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You’ll get a filing receipt in about a month, but it typically takes six months to a year to get any kind of substantive response. And that’s just the first step in the process. That’s just the I-130. Requests for evidence are unusual on I-130s, but people do sometimes get them. In most cases, even if there’s an issue that could be a problem, they will approve the I-130 as long as your immigration status and the relationship are proven sufficiently. Don’t get too excited—you’ll still have to deal with the issue later in the process. Even if your I-130 gets approved, you still face obstacles.

Once that’s approved, it’ll be transferred to the National Visa Center, which takes at least 30 days. (They’ll even send you a letter saying, “Do not contact National Visa Center for at least 30 days.”) Realistically, it takes more like 60 to 90 days to get transferred, and then, at that point, there’s another form you have to fill out, DS-260, which is like the I-130 on steroids. It’ll ask you a lot of the same questions, and part of that is just to see if you give the same answers to help screen out people who are lying. If, however, something was wrong originally, you can make corrections, and you should make corrections, but you’ll need to explain why you did that. Then, there’s another documentation that needs to be submitted to the National Visa Center, and that goes to the local embassy or consulate, who will set up the interview.

What Should Someone Expect At That Immigration Interview? Do Both The Sponsor And The Applicant Attend Together?

Typically, they will not attend together because the government understands that the sponsor is in the United States so they don’t need to come to the embassy for the interview. They would most likely be allowed to attend if they wanted to, but that would mean a lot of time and expense for something that’s not necessary.

At the interview, they will ask the beneficiary a lot of the same kinds of questions that are on the papers to assess whether they’re being truthful or to answer any lingering questions. Particularly when it’s marriage-based, they may try to test you on how well you know your spouse. They also want to see the beneficiary and make sure they’re actually the person that they claim to be and that they match their passport.

Are We Able To Have Our Immigration Attorney At The Interview?

For enough of an extra fee, you can have your attorney, but that is pretty unusual. It’s more common to have your attorney present for your adjustment of status interview, which is when people who are already in the United States are applying for a green card. I charge an extra fee for that.

Whether it’s necessary for me to be there depends on the case. I do recommend that I be there for most marriage-based cases, unless it’s a really obvious and strong case (such as a couple who has kids together). If there’s no question at all about the marriage, having an attorney there may not be necessary. For new marriages, couples who don’t have kids together, or couples who’ve had cheating in their marriage (or anything that might suggest that it’s not a real marriage), I think it’s better to have an attorney there.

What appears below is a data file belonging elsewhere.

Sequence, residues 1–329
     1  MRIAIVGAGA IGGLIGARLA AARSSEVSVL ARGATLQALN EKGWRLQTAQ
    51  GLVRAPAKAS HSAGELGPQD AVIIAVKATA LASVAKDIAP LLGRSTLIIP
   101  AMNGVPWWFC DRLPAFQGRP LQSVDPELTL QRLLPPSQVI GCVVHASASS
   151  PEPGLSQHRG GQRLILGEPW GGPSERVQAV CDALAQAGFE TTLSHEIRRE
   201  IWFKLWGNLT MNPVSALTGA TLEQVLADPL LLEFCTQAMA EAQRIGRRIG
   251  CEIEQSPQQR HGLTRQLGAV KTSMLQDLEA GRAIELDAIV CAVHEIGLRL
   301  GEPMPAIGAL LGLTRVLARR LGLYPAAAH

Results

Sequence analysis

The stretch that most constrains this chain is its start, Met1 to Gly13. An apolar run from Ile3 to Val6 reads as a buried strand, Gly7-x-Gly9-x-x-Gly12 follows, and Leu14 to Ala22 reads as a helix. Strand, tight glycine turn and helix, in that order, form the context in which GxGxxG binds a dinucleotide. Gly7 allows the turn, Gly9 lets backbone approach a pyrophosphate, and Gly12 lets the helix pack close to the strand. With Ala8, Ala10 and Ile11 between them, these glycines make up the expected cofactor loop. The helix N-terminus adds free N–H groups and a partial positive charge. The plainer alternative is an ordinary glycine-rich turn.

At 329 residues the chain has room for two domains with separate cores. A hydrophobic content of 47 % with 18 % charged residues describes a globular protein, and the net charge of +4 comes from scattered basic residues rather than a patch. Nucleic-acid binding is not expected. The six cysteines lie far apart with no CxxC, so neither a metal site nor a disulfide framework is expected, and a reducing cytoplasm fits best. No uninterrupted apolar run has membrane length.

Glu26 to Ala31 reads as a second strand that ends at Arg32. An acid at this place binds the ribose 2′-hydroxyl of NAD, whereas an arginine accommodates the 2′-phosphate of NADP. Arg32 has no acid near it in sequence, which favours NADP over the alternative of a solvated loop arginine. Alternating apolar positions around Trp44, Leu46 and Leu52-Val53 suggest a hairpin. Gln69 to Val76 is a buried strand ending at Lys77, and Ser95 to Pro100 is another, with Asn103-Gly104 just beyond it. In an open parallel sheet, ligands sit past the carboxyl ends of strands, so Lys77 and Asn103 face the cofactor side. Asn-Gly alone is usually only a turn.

Once The Interview Has Taken Place, How Long Is The Next Waiting Period Of The Process?

If you’re outside the United States, the consulate will make a decision, and if they grant your visa, you can start making your travel arrangements once you have the visa. If they feel that they don’t have enough information, they might ask for additional documentation.

If you’re inside the US and adjusting your status, they might give you a decision that very day, though not always. Again, they may request more information, so the post-interview process is about the same either way.

What Are Some Of The Most Common Reasons That Family-Based Immigration Petitions Are Denied?

Probably the most common reason would be the official not believing it’s a real marriage in a marriage-based petition. I also see a lot of denials based on criminal records or previous immigration history for people who go through the process without an attorney. Those denials are less common for people who hire an attorney for two reasons.

The first reason is a bit negative. Your attorney can help you decide whether to file the petition at all. If it’s a weaker case, you might decide not to waste your time and money on a case that doesn’t have a chance based on your attorney’s advice.

The second reason is that your attorney can guide you through whichever waivers you might need and help you present negative information in a way that is still honest but that doesn’t make you look as bad. Attorneys can make legal arguments about, for example, whether a crime is in the category of crimes that would make you ineligible.

In cases involving less-developed countries, there can be issues with the documents that are difficult to resolve. As I mentioned, some countries only started doing birth certificates within the last few decades, and it can be difficult to deal with that and prove whether someone really is your parent or your child without a birth certificate. People who face that alone often don’t know how to deal with that issue.

For more information on Immigration Law in Massachusetts, an initial consultation is your next best step. Get the information and legal answers you are seeking by calling (617) 297-7502 today.

Patrick Long Law Firm, PC.

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(617) 297-7502

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